Product Information

Panda Performer 9100

Vendor:

Panda Security

 

Price:

£5,500 (exc VAT), all features, one year update subscription

Quick Read

Strengths: Excellent anti-spam performance, easy to deploy, intuitive web interface, policy-based security, good reporting and alerting

Weaknesses: No HTTPS scanning, average URL filtering performance, basic IM and P2P controls

Verdict: Panda's web content security appliance is tough on spam and malware, but too easy on URL filtering

Rating Breakdown

SC Lab Reviews

Reviews from our expert team

Features:
Documentation:
Value for Money:
Performance:
Support:
Ease of Use:
4/5

Summary

Originally focusing on anti-virus measures, Panda's appliance family has grown rapidly in features and the latest GateDefender Performa products now aim to offer a full network security solution. The Performa 9100 on review brings together Panda's expertise in all things virus-related and mixes these together with anti-spam, anti-malware, web content filtering and controls for nuisance IM and P2P apps.

Panda claims the 9100 has enough horsepower to handle up to 500Mbps of web traffic and 220 messages per second. There aren't any licensing restrictions, but the 9100 is aimed at up to 500 users. The hardware platform looks up to the job, as Panda has plumped for a quality Sun Fire X2100 1U rack server.

We found deployment a swift process, as the 9100 functions as a transparent gateway. All we needed to do was place the appliance behind our firewall and in front of the LAN, where it routed all traffic through without any need to reconfigure network clients. The appliance has a separate dual-port Gigabit card installed that provides a hardware bypass circuit, so if the server dies it won't block internet access.

The tidy browser interface opens with a status screen that shows warnings, the latest update times, network connections and activated modules. Plenty of details on throughput are given, including inbound and outbound traffic for each interface, along with graphs for spam, malware and web content filtering. All signature and database updates are handled automatically every 15 minutes and you can also run on-demand updates.

Before you start fiddling with security settings, it's a good idea to set up network definitions. These include IP addresses, LDAP servers, users and domains and apply in policies allowing a range of AUPs and web access restrictions to apply to different users, groups and systems.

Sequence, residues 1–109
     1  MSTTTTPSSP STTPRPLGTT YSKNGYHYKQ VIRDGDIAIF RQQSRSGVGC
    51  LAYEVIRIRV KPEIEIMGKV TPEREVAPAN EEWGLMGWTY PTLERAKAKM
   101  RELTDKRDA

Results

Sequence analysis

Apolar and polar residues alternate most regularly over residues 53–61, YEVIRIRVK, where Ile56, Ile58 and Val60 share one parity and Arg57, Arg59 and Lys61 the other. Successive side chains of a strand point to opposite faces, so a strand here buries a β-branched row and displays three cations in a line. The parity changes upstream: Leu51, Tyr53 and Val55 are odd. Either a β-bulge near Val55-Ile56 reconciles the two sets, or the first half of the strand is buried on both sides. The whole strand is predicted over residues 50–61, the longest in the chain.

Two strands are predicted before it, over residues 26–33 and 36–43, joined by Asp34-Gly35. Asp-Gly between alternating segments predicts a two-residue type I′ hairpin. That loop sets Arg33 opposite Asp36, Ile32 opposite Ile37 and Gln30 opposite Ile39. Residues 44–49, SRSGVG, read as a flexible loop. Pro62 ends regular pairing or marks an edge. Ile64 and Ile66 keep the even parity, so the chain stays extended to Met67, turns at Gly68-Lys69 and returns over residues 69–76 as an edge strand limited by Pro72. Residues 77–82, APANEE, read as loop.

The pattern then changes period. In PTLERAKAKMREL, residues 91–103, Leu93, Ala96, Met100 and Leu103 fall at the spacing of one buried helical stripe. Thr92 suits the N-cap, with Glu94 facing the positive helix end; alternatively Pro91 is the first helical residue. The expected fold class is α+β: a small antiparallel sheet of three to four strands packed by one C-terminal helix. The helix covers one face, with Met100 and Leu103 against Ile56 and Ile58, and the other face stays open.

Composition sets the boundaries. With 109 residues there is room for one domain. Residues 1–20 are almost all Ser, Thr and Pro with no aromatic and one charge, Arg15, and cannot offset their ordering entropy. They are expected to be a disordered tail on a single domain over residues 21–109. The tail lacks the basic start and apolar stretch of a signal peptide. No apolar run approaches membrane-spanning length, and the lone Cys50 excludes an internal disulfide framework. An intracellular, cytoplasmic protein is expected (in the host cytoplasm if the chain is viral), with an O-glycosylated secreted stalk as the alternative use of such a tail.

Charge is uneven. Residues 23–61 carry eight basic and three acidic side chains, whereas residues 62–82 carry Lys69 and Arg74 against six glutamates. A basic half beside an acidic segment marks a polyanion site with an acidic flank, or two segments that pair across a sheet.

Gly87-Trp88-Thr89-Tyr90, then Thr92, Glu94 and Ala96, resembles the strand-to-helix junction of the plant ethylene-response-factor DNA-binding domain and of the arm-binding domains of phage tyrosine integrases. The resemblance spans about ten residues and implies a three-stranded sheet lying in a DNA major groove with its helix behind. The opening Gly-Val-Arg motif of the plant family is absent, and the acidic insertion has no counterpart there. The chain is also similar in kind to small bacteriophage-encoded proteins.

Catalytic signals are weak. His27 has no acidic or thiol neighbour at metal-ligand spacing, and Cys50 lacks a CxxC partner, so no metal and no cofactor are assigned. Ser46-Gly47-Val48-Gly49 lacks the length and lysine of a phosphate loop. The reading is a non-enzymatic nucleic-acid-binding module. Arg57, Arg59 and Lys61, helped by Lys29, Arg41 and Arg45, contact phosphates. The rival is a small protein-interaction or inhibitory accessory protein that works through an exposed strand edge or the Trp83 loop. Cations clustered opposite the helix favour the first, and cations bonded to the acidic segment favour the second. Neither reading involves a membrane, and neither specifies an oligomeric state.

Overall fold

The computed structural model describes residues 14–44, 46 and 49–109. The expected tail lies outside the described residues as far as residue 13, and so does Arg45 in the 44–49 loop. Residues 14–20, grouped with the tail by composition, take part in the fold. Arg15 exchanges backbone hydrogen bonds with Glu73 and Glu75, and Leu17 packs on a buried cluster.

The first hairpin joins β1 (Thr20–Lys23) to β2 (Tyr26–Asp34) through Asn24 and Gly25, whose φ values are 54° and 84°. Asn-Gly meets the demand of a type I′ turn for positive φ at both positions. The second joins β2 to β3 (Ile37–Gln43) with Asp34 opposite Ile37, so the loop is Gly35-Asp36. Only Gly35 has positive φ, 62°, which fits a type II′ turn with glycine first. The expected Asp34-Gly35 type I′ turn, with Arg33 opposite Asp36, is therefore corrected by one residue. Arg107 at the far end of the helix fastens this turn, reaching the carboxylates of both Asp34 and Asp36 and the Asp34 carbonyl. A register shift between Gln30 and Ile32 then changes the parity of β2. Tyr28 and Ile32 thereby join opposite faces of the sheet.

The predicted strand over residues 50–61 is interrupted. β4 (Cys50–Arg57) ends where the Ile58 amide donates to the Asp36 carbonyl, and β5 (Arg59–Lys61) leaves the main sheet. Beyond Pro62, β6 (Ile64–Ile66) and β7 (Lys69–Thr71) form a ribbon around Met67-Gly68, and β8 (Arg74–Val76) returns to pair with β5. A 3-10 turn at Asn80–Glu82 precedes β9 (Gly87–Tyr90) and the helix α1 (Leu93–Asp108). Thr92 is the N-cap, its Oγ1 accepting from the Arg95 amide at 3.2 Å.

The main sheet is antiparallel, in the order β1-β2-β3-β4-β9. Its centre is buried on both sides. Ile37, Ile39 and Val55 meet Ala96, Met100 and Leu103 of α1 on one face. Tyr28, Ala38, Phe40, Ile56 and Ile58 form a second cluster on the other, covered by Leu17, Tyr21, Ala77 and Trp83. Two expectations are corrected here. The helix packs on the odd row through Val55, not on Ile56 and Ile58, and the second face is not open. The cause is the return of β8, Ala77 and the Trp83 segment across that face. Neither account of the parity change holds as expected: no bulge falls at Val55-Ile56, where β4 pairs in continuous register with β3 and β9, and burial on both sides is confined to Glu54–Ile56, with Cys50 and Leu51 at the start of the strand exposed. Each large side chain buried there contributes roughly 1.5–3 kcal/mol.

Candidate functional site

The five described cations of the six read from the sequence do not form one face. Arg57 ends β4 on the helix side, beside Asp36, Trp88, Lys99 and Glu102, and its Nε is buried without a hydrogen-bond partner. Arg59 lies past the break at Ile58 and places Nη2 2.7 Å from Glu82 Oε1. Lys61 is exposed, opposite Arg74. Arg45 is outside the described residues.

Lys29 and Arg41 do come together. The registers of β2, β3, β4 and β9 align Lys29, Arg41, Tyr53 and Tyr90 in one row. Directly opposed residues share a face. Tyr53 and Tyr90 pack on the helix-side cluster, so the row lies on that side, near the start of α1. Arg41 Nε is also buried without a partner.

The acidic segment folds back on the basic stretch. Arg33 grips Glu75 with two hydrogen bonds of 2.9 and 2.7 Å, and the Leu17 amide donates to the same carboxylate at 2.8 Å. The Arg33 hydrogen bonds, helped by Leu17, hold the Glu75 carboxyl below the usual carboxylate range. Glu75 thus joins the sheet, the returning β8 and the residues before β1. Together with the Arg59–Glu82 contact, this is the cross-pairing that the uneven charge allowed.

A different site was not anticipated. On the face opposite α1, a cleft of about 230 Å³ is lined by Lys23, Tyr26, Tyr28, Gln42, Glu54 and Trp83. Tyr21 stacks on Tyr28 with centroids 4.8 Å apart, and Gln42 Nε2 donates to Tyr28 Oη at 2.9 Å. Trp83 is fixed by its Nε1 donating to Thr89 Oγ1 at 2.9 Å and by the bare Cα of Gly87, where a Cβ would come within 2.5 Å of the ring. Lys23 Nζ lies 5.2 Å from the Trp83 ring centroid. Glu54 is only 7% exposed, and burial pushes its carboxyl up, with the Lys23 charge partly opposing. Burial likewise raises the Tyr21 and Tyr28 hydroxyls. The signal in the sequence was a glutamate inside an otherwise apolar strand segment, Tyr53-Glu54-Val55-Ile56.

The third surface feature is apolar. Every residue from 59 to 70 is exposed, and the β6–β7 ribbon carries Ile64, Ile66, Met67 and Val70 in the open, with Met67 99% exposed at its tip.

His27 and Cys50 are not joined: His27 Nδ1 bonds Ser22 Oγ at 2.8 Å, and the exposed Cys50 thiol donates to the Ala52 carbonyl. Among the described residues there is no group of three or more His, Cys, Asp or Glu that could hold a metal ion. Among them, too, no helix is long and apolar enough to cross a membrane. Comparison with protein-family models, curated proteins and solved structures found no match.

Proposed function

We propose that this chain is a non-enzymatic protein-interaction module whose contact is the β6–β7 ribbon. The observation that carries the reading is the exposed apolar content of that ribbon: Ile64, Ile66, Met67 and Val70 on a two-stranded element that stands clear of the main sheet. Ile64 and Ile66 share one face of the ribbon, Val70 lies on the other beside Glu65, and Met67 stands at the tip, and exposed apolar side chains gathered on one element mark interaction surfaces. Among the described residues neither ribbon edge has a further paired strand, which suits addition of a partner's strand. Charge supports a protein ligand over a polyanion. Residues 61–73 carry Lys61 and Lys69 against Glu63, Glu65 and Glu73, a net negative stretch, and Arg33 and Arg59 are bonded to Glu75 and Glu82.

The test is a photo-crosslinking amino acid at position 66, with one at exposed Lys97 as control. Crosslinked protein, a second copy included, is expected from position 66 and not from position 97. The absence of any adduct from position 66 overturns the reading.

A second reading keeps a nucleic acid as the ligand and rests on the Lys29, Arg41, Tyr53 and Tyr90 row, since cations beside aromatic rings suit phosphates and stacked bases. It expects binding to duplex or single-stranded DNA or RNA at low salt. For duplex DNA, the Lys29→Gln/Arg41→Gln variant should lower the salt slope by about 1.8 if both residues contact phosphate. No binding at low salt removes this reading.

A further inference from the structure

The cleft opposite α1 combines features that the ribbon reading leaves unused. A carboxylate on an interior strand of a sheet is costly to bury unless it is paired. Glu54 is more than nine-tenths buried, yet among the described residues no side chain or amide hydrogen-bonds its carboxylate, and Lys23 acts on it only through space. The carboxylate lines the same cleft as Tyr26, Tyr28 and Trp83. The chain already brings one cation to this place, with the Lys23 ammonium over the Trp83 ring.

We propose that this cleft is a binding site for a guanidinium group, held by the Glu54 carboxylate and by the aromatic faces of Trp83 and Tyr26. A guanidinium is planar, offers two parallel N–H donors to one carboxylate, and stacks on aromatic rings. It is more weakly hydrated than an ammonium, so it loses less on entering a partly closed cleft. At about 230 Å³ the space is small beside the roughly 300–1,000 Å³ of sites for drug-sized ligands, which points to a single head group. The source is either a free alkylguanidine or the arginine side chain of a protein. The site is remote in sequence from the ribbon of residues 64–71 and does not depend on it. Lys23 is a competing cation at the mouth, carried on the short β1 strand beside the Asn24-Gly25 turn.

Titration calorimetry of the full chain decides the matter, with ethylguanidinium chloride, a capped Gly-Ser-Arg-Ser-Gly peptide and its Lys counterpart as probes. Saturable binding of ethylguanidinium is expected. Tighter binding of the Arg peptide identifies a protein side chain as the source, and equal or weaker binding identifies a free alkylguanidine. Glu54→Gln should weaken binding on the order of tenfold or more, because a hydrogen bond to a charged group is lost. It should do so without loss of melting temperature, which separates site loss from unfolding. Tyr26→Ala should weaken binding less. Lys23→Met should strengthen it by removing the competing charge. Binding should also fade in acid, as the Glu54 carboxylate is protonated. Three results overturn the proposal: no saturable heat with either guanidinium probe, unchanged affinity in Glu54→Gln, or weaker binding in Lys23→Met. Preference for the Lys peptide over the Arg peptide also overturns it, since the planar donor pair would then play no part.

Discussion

Custom policy creation could be easier. Panda's documentation is thin on the ground and the appliance's online help simplistic. The appliance uses a combination of settings and profiles where the former define how each module will behave and the latter list to what or whom it will be applied.

Settings cover anti-malware, content filters, anti-spam and web filtering modules and are used to store unique configurations for them. Protection profiles bring together the network definitions and team them up with settings letting you apply custom security measures to selected systems and users. The IM and P2P module can only be used globally and is not in the settings menu.

Virus scanning can be applied to a range of protocols; if a virus is detected, the appliance will try either to disinfect it or delete it. If it fails to clean the virus out, you can opt to have an infected email sent to the quarantine area; for HTTP and FTP, you can elect to block the transmission.

Infected emails can have the offending attachment stripped out; inbound messages known to have been generated by viral activity will be deleted. Protocols selected for virus scanning will also be checked for spyware, while phishing messages can be redirected, deleted or have a warning message inserted in them.

The content filters are applied to HTTP and FTP traffic and for email you can create filters that check attachments and also look out for text keywords in content. During testing, we had to make Windows Update a trusted site, as the 9100 was blocking all updates.

Anti-spam comes courtesy of Cloudmark; it worked very well during testing, where we configured Outlook clients to download mail from a number of live accounts.

The appliance was set up to tag and pass identified spam and suspect messages. Outlook rules were created on clients to move them to separate mail folders.

After one week, Cloudmark had done a good job. Only one spam message slipped through, leaving the 9100 just shy of a perfect score. For false positives, it incorrectly identified only five messages as spam and tagged three messages as probable spam, even though they were legitimate business mail.

Cobion looks after website filtering and provides 21 main URL categories and over 60 sub-categories to choose from. However, performance was a mixed bag and we were surprised at how much it let through.

With the Gambling and Gaming categories blocked, we Googled for online poker sites and of the 40 visited, we were blocked from all but six. We used the same tactic for online bingo sites but found that for the same number of sites visited we were allowed into over a third of them.

IM and P2P controls are fairly basic, as all you can do is choose from a list of common apps and either allow them or block them completely. We tested this with Windows Live Messenger and found that with IM blocking selected, all activity between logged-in users ceased and new visitors couldn't log in. At this price, we would expect to see a more granular level of control, such as blocking file transfers but allowing conversations.

Performa 9100 offers a good range of web content security measures for the price and is very easy to install and deploy. Anti-spam is impressive and it provides good reporting tools, but URL filtering is a weakness.
Dave Mitchell

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